27. Only cook enough of a meal for that meal unless you are doing extra for the following night. That way you cook and eat only what you need, and there is no waste.
  28. Forget puddings! They are just a waste of time and do nothing for you!
  29. Start a compost heap with the peels and scraps so your home vegetable garden will produce a most nourishing harvest.
  30. Don’t snack in front of TV or between meals, or at the cinema. It’s unnecessary, expensive, bad for your health, and simply a bad habit that needs to be broken.
  31. Keep your vegetable peels (providing they are clean and good quality) for soups and stocks. Freeze them until you have enough if you wish, or use them straight away.
  32. Always take a list to the shops, and STICK to the list. And again, never go to the shops hungry, always have a good meal first.
  33. Make sure you first empty your freezer before you go and buy more food. There is no need to prep for Armageddon just yet – so only buy and store what you need for a while, use it up and then replenish it.
  34. Have a homemade bone broth day once a week – it will do you good to give your digestive system a break – then have a light evening meal together with the family. We all eat way too much food we don’t need – this saves money and is great for the body.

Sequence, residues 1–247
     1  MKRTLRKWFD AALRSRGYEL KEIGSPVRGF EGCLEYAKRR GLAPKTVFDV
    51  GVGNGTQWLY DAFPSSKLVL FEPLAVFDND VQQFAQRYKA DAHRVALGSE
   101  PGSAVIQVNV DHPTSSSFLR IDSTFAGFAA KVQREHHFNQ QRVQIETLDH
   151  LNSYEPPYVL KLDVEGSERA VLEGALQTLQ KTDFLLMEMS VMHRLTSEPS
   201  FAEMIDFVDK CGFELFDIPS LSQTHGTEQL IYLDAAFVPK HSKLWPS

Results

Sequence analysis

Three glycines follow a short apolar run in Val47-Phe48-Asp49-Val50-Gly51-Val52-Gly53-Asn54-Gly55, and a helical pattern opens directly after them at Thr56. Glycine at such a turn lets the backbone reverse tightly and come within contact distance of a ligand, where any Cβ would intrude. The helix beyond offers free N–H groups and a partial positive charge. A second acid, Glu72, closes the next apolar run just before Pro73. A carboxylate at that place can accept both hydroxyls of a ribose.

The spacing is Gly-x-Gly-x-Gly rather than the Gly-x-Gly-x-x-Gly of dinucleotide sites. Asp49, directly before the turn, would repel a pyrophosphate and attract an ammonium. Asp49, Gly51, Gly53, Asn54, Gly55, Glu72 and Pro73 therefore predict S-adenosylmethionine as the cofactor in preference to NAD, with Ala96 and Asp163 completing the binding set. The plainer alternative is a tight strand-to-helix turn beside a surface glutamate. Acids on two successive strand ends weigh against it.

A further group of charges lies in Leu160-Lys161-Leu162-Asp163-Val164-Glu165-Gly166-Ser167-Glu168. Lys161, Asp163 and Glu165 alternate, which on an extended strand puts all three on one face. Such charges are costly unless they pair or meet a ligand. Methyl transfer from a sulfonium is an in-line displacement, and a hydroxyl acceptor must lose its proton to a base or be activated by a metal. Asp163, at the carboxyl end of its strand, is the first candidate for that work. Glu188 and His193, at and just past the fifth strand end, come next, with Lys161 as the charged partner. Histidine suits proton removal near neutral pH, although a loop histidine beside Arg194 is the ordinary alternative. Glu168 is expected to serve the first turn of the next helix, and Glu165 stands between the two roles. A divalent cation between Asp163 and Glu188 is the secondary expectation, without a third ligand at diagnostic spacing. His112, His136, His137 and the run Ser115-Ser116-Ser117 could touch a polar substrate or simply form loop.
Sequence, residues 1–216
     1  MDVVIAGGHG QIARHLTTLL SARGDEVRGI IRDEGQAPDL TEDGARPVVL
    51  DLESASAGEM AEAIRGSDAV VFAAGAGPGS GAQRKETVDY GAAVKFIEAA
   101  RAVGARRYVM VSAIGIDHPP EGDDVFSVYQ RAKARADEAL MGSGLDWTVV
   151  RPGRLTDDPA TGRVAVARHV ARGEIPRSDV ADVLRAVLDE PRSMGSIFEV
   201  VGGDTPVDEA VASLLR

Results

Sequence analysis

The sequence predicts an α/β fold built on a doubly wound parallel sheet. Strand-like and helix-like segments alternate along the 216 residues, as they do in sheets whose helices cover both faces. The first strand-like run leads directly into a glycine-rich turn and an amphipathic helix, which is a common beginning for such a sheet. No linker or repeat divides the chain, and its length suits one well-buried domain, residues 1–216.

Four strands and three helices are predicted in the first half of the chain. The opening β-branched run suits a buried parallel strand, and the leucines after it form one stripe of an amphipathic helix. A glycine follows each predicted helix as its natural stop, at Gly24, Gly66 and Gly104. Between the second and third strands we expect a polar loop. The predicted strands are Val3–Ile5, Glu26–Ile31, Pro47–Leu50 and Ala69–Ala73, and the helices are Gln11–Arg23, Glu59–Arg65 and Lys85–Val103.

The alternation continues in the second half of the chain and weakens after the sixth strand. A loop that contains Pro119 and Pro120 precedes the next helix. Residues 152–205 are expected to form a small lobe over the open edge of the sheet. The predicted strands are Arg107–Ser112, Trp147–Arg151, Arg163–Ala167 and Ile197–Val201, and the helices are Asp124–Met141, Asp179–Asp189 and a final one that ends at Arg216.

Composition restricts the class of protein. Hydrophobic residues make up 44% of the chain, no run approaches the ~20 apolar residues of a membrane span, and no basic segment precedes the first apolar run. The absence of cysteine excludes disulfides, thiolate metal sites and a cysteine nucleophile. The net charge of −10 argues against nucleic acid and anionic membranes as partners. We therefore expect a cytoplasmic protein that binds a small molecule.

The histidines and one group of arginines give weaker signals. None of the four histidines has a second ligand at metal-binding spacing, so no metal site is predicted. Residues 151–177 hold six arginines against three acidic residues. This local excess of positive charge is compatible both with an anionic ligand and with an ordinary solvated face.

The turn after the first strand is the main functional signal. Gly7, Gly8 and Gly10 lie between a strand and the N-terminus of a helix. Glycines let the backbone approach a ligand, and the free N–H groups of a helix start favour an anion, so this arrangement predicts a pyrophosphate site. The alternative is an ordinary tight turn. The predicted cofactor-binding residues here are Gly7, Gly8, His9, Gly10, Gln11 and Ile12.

35. Plan the week’s meals a week in advance, and buy only what you need – that way you won’t buy things which will go off or get wasted.
  36. Don’t throw any part of the chicken, pork, lamb etc away – keep all bones and left-over bits to make broths or soups.
  37. When you see sale goods for healthy foods you use a lot of like butter, that’s when you stock up, butter lasts for ages. Extra virgin olive oil, virgin coconut oil, etc – things you use regularly – are fine to stock up on.
  38. You don’t need to buy the “luxury” low-carb ingredients such as the nut and seed flours – if you really want some then grind your own in a blender when you need it, and only what you need.
  39. If you are a low-carb family, you will find with time you simply eat less food – a great saving in itself!
  40. Why not start today – work on this new lifestyle and keep notes of how much you are saving, you may even have enough for a great holiday just from saving money by eating healthy food!



You can simply click on the name of each product mentioned above (in bold) and a hyperlink will take you directly to the product for an easy purchase.

Originally published on on 25 March 2018.